Masters, who also writes as C.A. Masterson, has 32 releases under her belt. “Goddess, Awakened,” a romance fantasy, was released last year. She has another book that will be published in June. She writes fantasy, historical, contemporary, and speculative fiction.
Masters has won awards for her literary short stories. “Christmas Eve at the Diner on Rathole Street” won first place in the 2010 Pearl S. Buck Foundation contest and “All is Calm, All is Bright” won second place in the Pennwriters Short Story Contest in 2005.
She talked about her new novel, a contemporary romance, in this Q&A:
Q: “Twice in a Blue Moon” is set in the Arctic. Where did this story come from and what inspired you to write it?
A: The image of a girl standing at the edge of a cliff appeared in my head one day. When she unlatched her bungee cord harness, the vision really gripped me. I had to know her story, what would drive her to do that. Initially, I’d opened the story with that scene, but my critique partners talked me down from that ledge!
Melanie Michaels becomes an extreme sportswoman and launches a reality TV show after the death of her fiancé. She’s absolutely devastated by the loss, and the drive to somehow bridge the gap between this world and the next is the only thing keeping her going. They’d planned to honeymoon in Sweden at the Icehotel, a temporary structure created each year of snow and ice. So she takes her reality TV crew to the Arctic, and her life turns in an unexpected direction when she meets Joe “Buck” Wright, the dogsled musher who guides them there.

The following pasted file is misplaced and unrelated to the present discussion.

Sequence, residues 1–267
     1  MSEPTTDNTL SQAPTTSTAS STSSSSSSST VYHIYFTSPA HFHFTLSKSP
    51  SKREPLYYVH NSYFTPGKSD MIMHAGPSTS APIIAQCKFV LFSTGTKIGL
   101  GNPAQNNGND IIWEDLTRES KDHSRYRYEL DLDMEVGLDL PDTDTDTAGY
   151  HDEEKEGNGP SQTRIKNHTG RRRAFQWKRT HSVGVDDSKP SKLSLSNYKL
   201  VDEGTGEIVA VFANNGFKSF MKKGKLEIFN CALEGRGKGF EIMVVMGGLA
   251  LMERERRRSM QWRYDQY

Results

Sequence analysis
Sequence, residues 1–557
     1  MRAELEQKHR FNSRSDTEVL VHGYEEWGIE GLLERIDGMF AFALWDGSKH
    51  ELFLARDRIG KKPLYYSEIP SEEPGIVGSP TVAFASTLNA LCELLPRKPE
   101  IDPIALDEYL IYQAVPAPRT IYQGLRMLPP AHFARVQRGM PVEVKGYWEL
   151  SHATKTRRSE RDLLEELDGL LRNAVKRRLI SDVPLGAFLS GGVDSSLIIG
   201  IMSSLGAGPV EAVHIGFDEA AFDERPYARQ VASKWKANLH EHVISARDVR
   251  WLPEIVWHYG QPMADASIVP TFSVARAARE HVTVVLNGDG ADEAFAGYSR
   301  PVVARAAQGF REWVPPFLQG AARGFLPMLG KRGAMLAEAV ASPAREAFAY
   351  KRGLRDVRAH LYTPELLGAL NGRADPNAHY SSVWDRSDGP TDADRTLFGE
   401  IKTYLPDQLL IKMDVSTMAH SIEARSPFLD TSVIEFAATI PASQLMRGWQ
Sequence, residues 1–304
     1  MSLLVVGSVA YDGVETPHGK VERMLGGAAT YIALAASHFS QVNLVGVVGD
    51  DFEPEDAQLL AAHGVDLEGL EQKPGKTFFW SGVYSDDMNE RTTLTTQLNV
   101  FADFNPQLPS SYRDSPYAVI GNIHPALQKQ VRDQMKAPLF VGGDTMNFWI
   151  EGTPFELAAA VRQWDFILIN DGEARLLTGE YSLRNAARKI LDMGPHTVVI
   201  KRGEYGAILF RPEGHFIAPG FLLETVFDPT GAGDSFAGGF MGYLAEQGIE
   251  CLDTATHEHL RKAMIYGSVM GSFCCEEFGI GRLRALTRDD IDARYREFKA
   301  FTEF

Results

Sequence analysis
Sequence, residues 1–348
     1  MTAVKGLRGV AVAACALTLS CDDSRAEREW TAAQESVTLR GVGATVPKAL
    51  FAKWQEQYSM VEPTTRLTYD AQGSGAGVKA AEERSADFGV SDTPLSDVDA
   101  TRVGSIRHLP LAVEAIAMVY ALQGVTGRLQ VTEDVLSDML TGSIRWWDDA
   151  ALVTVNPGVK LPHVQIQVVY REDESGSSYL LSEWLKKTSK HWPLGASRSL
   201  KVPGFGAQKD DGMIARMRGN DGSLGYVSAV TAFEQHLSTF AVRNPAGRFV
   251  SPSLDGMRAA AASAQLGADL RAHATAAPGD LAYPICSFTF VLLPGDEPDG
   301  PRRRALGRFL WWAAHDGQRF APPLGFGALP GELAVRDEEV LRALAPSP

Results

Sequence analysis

Q: Did you do any research or interview people for this book?
A: Oh yes, there was a lot to learn for this story—about dog sledding, Sweden, the culture of the Sami indigenous people, extreme sports, the Icehotel. There were many unique elements to this setting but I loved it. I wish I could visit there one day.
Q: How long did it take you to write “Twice in a Blue Moon”?
A: I had the story in my head for quite a few months before actually beginning to write it in November 2013, during NaNoWriMo. Definitely not my usual pace! Then it took several months of revisions and polishing before submitting it to Lyrical Press.
Q: Give us an idea about your writing process. Do you have a writing critique group or partner? What is your revision process like?
A: Critique partners are essential, and I like to round up some beta readers before submitting a story to get more of a reader’s perspective. Stories generally go through several rounds of revisions so I can do as much self-editing as possible before I send a draft to my CPs, then I revise again after they send their feedback.
Q: With multiple books out at once, how do you juggle marketing and promotion with writing?
A: It can be frustrating to manage a healthy balance between the two. The more notes I keep when writing a story, the more it helps later, and I don’t have to scramble to remember the details of a story I wrote long ago. I write a few blog posts while everything’s fresh in my mind.
You can contact Cate Masters via: